FOXBOROUGH, Mass. — It is impossible to appreciate the brilliance of a Bill Belichick news conference, to understand the purpose behind those mumbles and awkward pauses and lowered eyes, until you have sat in on one and tried to stay awake throughout it.
Wednesday’s was a classic of the genre. Behind a lectern inside Gillette Stadium, with the Patriots set to begin practice within the hour, he opened with a description of the Eagles so basic and generic that it could have applied equally well to any number of NFL teams — a steady trickle of words with no discernible fluency or inflection, as if he were reciting the most boring poem E.E. Cummings ever wrote.
“Obviously,” he said, “great football team great organization … they’ve done a tremendous job … got a lot of good players a lot of guys who are hard to stop in all three phases of the game … they make you work on everything … they’re solid all the way around very explosive team good situational football team well balanced … we’re going to have to do everything well down there Sunday need to be ready to go against a good team looks like they’re getting healthy and trying to find their rhythm.”
There is a point, of course, to Belichick’s public banality, and his six Super Bowl victories, his nine Super Bowl appearances, and his status in the sport testify to the everlasting effectiveness of his approach.
His goal is to give nothing away. He wants to be a blank slate to his opponent, offering no insight into his level of confidence or concern, no indication of what his strategy for a particular game might be.
Go ahead. Try to read him. You’re better off raising in to Johnny Chan.
Two years ago, Doug Pederson and the Eagles did dare, and by their boldness, they beat Belichick and the Patriots and won Super Bowl LII. Dan Quinn’s Atlanta Falcons had crumbled to pieces in the second half the year before, and Sean McVay, Jared Goff, and the Los Angeles Rams shriveled up at the mere sight of Belichick and Tom Brady.
But through his and his team’s intelligence and preparation, Belichick had facilitated those collapses. Give him enough time, and he’ll figure out what you’re doing and how to either stop it or exploit it.
Sometimes, as was the case against the Falcons, he needs nothing more than a few minutes during halftime. Against the Rams, the two weeks between the conference championship games and Super Bowl LIII were more than enough time for him to reduce McVay from the NFL’s young genius to just the latest in a long line of coaches who weren’t as smart or savvy as the master himself.
“Well,” defensive back Duron Harmon said, “you go back to the [Eagles’] Super Bowl, and we had two weeks for that, too.”
They did, and they surrendered 41 points to a backup quarterback. But Pederson and the Eagles had a couple of built-in advantages in Super Bowl LII, compared with most teams that face the Patriots in an important game.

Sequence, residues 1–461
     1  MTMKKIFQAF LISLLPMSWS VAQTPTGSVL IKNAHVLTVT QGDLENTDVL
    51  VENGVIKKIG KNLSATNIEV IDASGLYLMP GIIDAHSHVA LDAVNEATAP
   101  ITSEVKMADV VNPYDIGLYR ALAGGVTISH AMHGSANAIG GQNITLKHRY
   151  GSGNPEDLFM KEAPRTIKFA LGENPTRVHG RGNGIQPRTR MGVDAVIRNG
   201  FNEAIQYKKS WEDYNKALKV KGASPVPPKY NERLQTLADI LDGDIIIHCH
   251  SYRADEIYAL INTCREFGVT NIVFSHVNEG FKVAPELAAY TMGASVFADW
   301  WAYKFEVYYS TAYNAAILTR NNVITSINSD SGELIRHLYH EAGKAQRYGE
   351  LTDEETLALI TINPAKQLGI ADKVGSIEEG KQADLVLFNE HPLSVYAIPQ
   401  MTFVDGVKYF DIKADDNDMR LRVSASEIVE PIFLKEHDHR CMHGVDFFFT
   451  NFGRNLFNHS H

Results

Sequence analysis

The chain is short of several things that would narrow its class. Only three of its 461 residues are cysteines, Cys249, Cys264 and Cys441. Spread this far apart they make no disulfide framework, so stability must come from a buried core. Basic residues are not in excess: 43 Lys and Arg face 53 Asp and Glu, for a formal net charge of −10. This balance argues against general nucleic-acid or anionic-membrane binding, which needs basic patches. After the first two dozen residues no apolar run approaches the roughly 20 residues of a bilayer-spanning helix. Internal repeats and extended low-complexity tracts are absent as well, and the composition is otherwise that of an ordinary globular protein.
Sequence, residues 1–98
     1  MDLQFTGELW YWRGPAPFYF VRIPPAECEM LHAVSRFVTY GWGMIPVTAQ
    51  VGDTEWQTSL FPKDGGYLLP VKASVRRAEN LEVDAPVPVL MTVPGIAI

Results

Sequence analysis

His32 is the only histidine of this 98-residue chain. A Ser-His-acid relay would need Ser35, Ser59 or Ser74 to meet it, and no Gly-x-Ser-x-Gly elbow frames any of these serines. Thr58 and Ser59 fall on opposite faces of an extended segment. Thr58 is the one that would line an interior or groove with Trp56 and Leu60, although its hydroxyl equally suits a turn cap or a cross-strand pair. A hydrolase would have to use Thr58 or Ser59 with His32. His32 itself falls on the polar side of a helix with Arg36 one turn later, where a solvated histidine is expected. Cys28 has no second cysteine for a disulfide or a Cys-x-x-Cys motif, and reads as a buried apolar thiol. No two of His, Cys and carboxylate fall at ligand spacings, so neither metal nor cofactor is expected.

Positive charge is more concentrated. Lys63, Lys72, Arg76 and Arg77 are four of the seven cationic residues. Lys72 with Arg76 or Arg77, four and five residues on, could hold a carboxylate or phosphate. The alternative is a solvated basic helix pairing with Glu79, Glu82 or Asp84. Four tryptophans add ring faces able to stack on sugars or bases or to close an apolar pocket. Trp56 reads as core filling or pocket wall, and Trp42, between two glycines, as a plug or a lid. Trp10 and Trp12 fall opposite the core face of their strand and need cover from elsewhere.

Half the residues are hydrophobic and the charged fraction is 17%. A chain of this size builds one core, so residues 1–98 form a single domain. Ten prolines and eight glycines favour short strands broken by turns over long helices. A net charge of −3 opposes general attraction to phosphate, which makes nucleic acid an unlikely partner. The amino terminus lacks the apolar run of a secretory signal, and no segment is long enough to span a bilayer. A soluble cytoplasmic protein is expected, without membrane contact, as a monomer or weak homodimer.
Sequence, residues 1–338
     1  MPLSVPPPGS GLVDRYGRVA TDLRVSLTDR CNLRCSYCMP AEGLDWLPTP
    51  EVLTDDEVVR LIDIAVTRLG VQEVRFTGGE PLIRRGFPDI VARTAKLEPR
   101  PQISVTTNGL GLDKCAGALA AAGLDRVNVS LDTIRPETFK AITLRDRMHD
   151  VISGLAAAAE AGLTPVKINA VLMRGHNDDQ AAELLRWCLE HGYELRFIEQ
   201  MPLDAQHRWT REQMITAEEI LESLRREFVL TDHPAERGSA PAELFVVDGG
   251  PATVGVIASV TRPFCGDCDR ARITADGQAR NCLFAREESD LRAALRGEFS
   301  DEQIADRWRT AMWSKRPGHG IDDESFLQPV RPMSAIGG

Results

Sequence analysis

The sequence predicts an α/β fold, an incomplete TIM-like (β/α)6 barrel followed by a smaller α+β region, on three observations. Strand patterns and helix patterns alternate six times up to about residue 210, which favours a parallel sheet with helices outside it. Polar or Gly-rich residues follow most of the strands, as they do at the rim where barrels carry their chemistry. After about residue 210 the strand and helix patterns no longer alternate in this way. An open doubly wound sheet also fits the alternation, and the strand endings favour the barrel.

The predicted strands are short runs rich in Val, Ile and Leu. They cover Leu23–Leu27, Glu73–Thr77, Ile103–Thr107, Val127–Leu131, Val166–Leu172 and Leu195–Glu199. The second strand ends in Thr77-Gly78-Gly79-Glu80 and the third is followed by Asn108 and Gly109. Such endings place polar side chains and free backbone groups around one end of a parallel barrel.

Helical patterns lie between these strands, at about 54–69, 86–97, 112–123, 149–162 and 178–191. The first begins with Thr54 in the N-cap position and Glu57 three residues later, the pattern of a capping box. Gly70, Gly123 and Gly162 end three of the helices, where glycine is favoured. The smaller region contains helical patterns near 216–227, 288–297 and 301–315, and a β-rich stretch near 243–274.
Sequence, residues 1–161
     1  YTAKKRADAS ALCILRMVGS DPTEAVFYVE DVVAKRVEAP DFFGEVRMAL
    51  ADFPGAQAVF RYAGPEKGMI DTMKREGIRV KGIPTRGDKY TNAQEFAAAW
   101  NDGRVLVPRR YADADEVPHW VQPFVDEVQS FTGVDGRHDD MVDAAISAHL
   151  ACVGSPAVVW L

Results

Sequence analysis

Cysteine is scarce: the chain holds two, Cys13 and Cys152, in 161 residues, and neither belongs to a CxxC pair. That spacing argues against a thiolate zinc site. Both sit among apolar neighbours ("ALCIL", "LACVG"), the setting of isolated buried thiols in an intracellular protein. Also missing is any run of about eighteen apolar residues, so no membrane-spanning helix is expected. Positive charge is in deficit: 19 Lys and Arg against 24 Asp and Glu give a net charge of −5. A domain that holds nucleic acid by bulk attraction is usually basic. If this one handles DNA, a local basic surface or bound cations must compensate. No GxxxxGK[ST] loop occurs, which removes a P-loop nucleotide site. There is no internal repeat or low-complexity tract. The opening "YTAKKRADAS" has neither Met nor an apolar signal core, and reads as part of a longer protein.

One, Pederson, Frank Reich, and John DiFilippo used the two-week layoff between the end of the regular season and the Eagles’ divisional-round game against the Falcons to revamp their entire offense, to cater their play-calling to Nick Foles’ strengths.
Was the system similar to the one that the Eagles had run with Carson Wentz? Sure. But making a change that significant that late in a season put Belichick and the Patriots in an unfamiliar position all game long: on the defensive, never quite sure of what the Eagles might run.
In one example, NBC’s Cris Collinsworth pointed out during the game’s telecast that, while the Eagles usually had their receivers run slants out of run-pass-option plays, those receivers instead were now breaking to the outside — and getting open because they were. (It’s also no coincidence that the Patriots’ only loss so far this season came against the Baltimore Ravens, whose offense, because of the presence and talents of Lamar Jackson, is as unpredictable as any in the league.)
Two, the Eagles had been playing all season with exactly the sort of aggressiveness and daring required of any team to beat Belichick. In 2017, they went for it on fourth down more frequently than any other team in league history. They were comfortable living on the edge, so comfortable that they shocked Belichick and the Patriots (and anyone who hadn’t been paying attention to what the Eagles had been doing) by running a trick play they’d never used before -- on fourth-and-goal -- in the Super Bowl.
There’s a lesson from that approach that the Eagles should carry over to this one. No, they’re not the same team they were back then, and the Patriots aren’t, either. But the principle worked once, and it still holds true: